Things are buzzing in apiary news as Huntington Woods City Commission is currently reviewing an ordinance on beekeeping.
The City Commision had an ordinance on the April 6 agenda but some complaints have forced them to look into the matter. Because of the rather unique nature of the ordinance not much was known about it until they could better understand the issue.
Originally, the proposed ordinance indicated that residents could obtain a permit for $180, as well as getting consent from a neighbor. The ordinance would limit the potential apiast to two hives per lot.
The ordinance was tabled according to Commissioner Joe Rozeli after getting three or four complaints about it. However, he also got a number of emails and calls supporting the residents’ beekeeping endeavours.
At first glance, this seems like a relatively simple issue. Someone wants some bees. They get the bees. Bees do bee type things. But it’s actually more complicated. I thought that this might be the typical neighborly squabbling that plagues all suburbs.
But the situation is more complicated than it appears. There are a number of factors at play here. Part of the issue is fertilizers and pesticides, Mari Masalin-Cooper told CandG News about the situation:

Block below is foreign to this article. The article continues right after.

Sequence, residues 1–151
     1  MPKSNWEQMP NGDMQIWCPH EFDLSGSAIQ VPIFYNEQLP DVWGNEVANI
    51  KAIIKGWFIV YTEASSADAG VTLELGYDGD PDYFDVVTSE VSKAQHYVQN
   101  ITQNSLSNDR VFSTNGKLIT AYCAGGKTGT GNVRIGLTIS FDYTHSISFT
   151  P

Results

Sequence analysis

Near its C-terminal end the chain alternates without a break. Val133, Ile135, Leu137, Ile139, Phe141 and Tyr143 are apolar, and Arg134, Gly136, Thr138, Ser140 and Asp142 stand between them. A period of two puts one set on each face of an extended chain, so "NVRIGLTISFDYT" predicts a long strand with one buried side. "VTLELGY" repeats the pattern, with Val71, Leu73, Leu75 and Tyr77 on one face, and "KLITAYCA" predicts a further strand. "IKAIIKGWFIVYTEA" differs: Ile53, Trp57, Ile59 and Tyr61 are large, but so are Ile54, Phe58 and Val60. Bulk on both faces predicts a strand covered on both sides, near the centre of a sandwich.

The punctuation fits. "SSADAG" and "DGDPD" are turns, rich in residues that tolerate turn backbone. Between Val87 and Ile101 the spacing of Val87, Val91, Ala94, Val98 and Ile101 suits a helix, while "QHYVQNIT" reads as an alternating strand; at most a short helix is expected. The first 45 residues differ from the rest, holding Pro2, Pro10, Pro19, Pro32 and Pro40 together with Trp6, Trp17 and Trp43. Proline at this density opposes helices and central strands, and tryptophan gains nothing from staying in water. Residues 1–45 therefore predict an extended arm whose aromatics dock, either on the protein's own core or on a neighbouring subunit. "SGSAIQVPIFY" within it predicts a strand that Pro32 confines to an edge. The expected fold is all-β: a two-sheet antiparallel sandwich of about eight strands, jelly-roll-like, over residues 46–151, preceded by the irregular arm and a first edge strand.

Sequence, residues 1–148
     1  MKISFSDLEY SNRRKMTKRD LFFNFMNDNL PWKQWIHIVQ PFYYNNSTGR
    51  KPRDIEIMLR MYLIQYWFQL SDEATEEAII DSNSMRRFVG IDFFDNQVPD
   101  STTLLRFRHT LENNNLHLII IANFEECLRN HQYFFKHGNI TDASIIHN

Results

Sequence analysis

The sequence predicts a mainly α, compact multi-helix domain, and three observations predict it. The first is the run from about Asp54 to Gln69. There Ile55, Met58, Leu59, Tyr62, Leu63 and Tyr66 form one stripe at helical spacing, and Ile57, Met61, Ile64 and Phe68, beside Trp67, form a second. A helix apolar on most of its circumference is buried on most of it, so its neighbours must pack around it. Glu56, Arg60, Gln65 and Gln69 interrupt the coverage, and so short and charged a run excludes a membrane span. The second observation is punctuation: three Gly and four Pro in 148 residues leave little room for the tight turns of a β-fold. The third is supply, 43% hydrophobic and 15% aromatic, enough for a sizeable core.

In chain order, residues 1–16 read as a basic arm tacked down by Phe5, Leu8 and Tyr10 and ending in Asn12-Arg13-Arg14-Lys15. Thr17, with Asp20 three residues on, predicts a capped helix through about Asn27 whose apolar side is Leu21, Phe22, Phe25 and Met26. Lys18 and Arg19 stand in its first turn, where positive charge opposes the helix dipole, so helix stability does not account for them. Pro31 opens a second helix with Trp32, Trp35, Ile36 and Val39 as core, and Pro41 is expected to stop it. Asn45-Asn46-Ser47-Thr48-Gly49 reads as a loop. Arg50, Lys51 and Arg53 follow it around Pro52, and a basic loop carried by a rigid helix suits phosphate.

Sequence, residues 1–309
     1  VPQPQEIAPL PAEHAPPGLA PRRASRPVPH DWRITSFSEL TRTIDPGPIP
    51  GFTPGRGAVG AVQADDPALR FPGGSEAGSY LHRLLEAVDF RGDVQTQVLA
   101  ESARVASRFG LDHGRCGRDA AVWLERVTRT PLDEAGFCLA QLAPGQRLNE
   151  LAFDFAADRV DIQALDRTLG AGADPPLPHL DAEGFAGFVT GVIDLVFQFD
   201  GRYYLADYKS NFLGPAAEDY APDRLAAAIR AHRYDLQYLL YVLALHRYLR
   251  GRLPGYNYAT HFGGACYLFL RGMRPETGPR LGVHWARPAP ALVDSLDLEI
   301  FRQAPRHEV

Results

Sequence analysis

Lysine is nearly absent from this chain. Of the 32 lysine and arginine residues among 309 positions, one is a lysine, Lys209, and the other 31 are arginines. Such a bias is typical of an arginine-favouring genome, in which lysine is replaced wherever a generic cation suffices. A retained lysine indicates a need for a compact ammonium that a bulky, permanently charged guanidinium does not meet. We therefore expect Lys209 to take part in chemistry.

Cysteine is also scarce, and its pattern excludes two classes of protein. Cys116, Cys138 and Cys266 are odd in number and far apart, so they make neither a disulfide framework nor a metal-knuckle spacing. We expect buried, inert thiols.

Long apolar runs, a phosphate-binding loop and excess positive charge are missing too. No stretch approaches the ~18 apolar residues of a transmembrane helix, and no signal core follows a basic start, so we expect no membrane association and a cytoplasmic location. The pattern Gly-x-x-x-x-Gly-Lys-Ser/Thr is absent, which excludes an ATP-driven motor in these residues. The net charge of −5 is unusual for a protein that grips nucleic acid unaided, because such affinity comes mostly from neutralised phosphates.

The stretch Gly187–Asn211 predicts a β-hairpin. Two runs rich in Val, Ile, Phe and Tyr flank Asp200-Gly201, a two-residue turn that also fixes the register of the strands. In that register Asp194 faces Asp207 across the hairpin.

“In Iowa, you register your hives with the state. Then they create no fly zones when planes will spray fertilizers or pesticides. Your beehives are registered, so you can’t spray within a quarter mile in either direction around your hives, and Michigan does not do that,” she said. “(With) urban beekeeping, people spray their lawns everywhere. Those pesticides and fertilizers are not good for bees, and so you have to be smarter at beekeeping to do that.”
She also said that she didn’t know about the ordinance but checked with her neighbors to make sure no one had allergies, she also thought an ordinance would be a good idea since swarming bees could make people uncomfortable and potential beekeepers should have some training or work with an experience beekeeper.
This will remain a city issue. Currently Michigan apiary law does not set limits on hive placement now and leaves it to local townships and cities to regulate colony numbers.